Ok, so Blue and I went on our walk yesterday morning...same route as usual!
Well, as we were waiting for the light to change...there was this banner attached to a steel post blowing...suddenly, Blue got spooked by it...started barking and began to back up. Well, the next thing I know, she got out of her collar and ran down the street...I was freaked because there were cars on and she ran onto the street. I think she almost got hit...anyways I stop and call her back to me..finally she stayed on a corner and waited for me.
I got her collar on and we walked back home...some lady who witnessed all of this drove around to make sure she was alright.
I'm happy to say she is her old self and was playing around like nothing happened but me freaked out for the rest of day.
03-14-2008, 12:36 AM
That is scarey. Good time to work on and reenforce the sit or stay commands. Glad all turned out well.
03-14-2008, 08:41 AM
get theeself a martingale collar or a well fitting harness....
03-14-2008, 12:42 PM
This was exactly what happen with my sister and Bobbie except our ending wasn't so happy - Bobs got hit by two seperate cars on a duel carridgeway and it's only pure luck that my sis and her boyf didn't get hit aswell as they just ran out after her.
Scary isn't it? :(
03-14-2008, 01:07 PM
What a scare! Glad things turned out ok.
Tucker backed out of his collar once; it scared me, so we've used a martingale ever since.
03-14-2008, 02:28 PM
Bella backed out of her collar a few weeks ago while hiking in a state park ...
Hasn't happened since, and I've tightened the collar a bit, but I might look into a martingale too.
03-14-2008, 04:09 PM
This is the reason I went to a meritangle with our dogs too Mocha is the master of backing out of her collar with a regular buckle collar on.
03-14-2008, 05:17 PM
That had to be scary. It's weird what will spook them. I am glad she is okay. :)
03-15-2008, 03:19 PM
Lucy was a collar-backer-outer too, so I quickly switched to a Martingale once I realized this. Now I walk her with a GL head collar mostly, so the Martingale is a moot point.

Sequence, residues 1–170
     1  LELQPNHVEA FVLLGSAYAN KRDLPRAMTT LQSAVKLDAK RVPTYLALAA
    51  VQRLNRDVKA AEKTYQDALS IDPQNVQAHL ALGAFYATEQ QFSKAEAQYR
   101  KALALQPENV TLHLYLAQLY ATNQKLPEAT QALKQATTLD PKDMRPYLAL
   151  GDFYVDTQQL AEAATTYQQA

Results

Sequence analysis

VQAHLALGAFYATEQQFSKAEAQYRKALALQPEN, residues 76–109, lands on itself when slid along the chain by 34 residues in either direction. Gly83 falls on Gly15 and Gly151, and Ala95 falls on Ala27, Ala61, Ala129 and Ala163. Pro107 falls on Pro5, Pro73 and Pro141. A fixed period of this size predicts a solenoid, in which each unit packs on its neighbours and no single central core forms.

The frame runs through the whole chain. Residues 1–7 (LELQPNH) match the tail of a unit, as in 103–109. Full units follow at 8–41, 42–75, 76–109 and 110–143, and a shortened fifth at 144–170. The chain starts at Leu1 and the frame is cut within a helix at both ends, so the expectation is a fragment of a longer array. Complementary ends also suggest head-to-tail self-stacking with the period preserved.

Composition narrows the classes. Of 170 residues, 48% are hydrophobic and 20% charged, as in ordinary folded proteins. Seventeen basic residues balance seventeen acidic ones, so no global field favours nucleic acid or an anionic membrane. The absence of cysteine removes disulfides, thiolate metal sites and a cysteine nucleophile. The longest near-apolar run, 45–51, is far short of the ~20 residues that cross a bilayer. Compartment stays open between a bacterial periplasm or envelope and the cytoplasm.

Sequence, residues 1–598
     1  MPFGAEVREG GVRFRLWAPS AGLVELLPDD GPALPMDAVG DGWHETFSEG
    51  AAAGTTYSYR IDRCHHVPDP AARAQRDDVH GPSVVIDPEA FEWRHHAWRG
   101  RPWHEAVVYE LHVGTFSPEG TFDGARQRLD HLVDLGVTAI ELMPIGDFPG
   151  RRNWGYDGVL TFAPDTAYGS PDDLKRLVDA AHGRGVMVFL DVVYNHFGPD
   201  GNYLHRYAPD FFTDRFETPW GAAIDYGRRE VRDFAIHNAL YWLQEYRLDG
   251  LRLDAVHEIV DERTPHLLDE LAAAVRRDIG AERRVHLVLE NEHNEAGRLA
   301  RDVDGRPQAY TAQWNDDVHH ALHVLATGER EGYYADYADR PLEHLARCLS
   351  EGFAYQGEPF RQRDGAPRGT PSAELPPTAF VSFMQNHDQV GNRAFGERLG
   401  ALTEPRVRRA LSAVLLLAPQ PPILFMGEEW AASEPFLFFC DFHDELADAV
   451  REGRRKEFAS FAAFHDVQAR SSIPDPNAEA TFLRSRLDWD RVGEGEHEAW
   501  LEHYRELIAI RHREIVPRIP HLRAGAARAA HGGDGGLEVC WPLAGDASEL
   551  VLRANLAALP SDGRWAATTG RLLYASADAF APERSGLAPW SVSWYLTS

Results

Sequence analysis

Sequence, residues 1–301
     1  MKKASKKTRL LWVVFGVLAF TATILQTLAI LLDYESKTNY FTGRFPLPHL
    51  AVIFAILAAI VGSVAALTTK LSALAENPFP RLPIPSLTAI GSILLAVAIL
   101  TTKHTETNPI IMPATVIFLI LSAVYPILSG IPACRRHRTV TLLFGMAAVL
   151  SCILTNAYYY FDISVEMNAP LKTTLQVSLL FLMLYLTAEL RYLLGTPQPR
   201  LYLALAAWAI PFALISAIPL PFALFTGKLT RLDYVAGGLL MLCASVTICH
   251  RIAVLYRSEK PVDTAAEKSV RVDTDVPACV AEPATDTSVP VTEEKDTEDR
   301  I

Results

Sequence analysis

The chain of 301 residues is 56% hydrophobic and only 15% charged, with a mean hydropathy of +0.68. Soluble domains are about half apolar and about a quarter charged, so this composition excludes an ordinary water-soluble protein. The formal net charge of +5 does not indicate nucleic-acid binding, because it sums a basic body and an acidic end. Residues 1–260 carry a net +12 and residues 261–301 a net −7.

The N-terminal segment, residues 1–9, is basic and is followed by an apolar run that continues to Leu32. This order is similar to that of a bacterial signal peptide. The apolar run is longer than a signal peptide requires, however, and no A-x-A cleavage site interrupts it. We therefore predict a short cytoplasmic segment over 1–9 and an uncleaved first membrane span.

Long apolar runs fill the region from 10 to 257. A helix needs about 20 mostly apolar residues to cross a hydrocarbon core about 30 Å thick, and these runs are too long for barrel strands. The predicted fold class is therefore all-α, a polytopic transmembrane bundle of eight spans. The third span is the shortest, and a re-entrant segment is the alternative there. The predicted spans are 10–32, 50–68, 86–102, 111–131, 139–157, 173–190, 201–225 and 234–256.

Lucy was easily spooked by everyday objects when I first brought her home. She was about ten months old and had been kept indoors and in the back yard of the home where she had previously lived before being given up to the shelter. She was afraid of: Mailboxes, garbage cans, parked motorcycles, drinking fountains, flags waving in the wind, landscaping boulders, statues, and the list goes on. Each day was a new adventure discovering what else Lucy was afraid of.
I worked with her using desensitization and counterconditioning techniques gleaned from various authors and a trainer in my area, as well as a consult with a veterinary behaviorist. Now she's okay with all of those things. If it's dark and she can't see well, a strange shape lurking in the shadows might trigger avoidance, but I think that's understandable. To her, a shadow lurking in the darkness probably looks an awful lot like a mountain lion ready to eat her for dinner.
She is a Border Collie mix (mixed with I don't know what, but very BC like in most aspects), and so she is very visually oriented. When we went to see the vet. behaviorist, Lucy's gaze was fixed upon the framed print hung high up on the wall. It was a picture of a cat sitting on a window sill. The vet. behaviorist commented that Lucy was the first canine visitor to even notice the artwork on the wall, which showed that Lucy is exceptionally observant of her environment.
Anyway, if you want to work on flapping banners, something that I did with Lucy was walked her to the local post office, where they have a flag right outside the entrance. We started out at a comfortable distance (comfortable for Lucy, meaning that she wasn't noticing the flag) using Dr. Karen Overall's Relaxation Protocol, which we had a lot of practice with at home before using it away from home. Over time, I was able to decrease the distance to the flag pole, until we were right next to it, and Lucy was ignoring it.
Don't make the mistake of forcing your dog to get too close to the object of their fear, then trying to make them sit/stay. This is NOT desensitization.